10 months ago

Tapestry_EY_BGLN_Summit_View_The_future_of_global_banking-Dec14 (1)

anking services. One

anking services. One participant said, “The number of clients that truly need a global bank is probably quite small – maybe 100 companies?” But another suggested the need was much greater: “The number ofglobal’ consumers is bigger than we think. Small companies moving into China are willing to pay a premium to go with a brand they know.” In a discussion before the summit, a director said, “Big global customers do care, because we are creating inefficiencies, making life more difficult … but few corporates have global banking relationships. They want and are willing to pay for some inefficiency [to get] … a bank with a big balance sheet domiciled locally.” So do customers need global banks? What international growth opportunities still exist? Participants identified two ways in which banks can grow cross-border services: • Develop a global proposition to serve local customers. In some ways, a participant argued, the debate about whether customers need large international banks to serve them misses the point: “Most companies serve local needs with a global brand or a global product. It means you have a proposition that you can offer local customers.” As banks improve their understanding of where and how they make money, they should focus not just on individual products but on understanding how individual customers are being served across products and services, how profitable those services are to the bank, and whether those services are core to customers’ needs. Part of that process should involve being selective about which customers banks want to serve and identifying which needs of those customers they are best positioned to meet. As a secondary question, banks should look at where they can and should make the offer globally. • Selectively develop global offerings. Despite a general trend toward shrinking international activities, participants insisted that offering some services to international clients can be effective. A director said, “We can focus on what we are really good at, our core strengths, and take it on the road.” Another suggested that bank leaders ask, “What can we do on a global basis? For capital and cost reasons, you should then scale back to focus on those areas where you believe you have a true competitive advantage and determine how best to grow in that area internationally.” Rather than “be too small in a variety of places that have little to do with each other [or] try to invent some global product,” one director emphasized the need to build complementary businesses in a few core markets. The director added, “You need more than just booking centers to support clients in different markets.” Another participant argued that banks could also find new ways to serve clients internationally by offering services that may be outside of core banking activities but can nonetheless be provided across borders – for example, custodial services or offering a digital platform to franchises in other markets. “Focus on those areas where you … have a true competitive advantage and determine how best to grow in that area internationally.” – Director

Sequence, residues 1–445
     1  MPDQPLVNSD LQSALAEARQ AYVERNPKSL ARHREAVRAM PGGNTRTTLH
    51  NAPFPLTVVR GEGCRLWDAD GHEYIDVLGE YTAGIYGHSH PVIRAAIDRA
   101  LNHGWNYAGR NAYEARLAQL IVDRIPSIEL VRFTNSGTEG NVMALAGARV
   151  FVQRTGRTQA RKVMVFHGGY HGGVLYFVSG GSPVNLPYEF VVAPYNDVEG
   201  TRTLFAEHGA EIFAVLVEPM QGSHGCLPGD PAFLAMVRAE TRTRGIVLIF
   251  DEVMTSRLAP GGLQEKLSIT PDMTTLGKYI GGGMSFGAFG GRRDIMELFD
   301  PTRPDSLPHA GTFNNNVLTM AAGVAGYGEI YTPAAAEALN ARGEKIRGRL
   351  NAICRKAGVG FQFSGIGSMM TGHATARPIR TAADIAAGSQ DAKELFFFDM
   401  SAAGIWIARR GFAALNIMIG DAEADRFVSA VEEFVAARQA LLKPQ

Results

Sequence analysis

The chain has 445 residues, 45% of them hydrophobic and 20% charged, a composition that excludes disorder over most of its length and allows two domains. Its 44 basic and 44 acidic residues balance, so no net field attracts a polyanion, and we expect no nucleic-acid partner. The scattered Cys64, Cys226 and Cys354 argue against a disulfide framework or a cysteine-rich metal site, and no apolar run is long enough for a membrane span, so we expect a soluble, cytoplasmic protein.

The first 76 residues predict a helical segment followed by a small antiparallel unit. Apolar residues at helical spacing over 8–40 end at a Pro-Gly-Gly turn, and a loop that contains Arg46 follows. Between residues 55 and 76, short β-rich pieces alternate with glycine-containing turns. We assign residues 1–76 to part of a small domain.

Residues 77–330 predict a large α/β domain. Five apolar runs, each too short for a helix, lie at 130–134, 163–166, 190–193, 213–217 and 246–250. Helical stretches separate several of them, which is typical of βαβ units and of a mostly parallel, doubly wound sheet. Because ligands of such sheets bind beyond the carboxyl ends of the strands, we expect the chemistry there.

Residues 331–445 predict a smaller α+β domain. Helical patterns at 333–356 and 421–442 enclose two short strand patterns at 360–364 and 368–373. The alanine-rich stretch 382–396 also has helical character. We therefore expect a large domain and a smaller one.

Refocusing on businesses with growth potential Participants do see opportunities in the midst of the challenges and constraints. As one said, there are ways to improve returns on capital: “One way you can do that is to reduce the amount of capital you are consuming. Basel III is encouraging different behaviors, including (1) a shift to less capital-intensive activities and (2) activities that do not consume capital at all.” Summit participants highlighted the following potential opportunities: • Capital markets, especially in Europe. A participant predicted, “Banking will become less prevalent in credit intermediation as securitization becomes much bigger and the role of capital markets in Europe expands. There will be a clear role for banks as an intermediary or facilitator for a more mixed model for capital.” “There will be a clear role for banks as an intermediary or facilitator for a more mixed model for capital.” – Participant • Asset management. Some banks have already expanded their asset management businesses, but a participant observed, “Asset management has been difficult in banks because it requires a different mindset – that of a fiduciary. Then that raises the question, why have them in the same group? But it could represent an undertapped opportunity.” The Bank of England’s Andrew Haldane recently described this as the Age of Asset Management because of the growth of asset managers globally. 32 • Payments. The emergence of non-bank competitors leveraging technology to get into the payments business caused one participant to question why banks want to fight to own that business. But another participant said, “The payments market will become very interesting. Banks are losing the battle very quickly, almost ceding the pitch. But it could be a growth opportunity.” According to another participant, the payments business currently represents a $350 billion-a-year business and it is projected to rise to $2 trillion in 2020. Improving execution The massive cost structures of most banks present opportunities not only for simple cutting, but for creating higher productivity and simultaneously improving customer service. Summit participants identified two areas of focus: • Upgrading customer service. Banks need to understand what their customers want and how their experiences with other companies are impacting expectations. A participant described the vast differences in his experience obtaining a mortgage approval from two different banks as an example of how improving customer service can be a source of differentiation. Banks can identify opportunities to add value in different ways. For example, several participants noted that if banks could better assist international clients in establishing banking relationships outside of their home markets, many customers would be willing to pay a premium for their services. “Banks are losing the battle very quickly, almost ceding the pitch. But [payments] could be a growth opportunity.” – Participant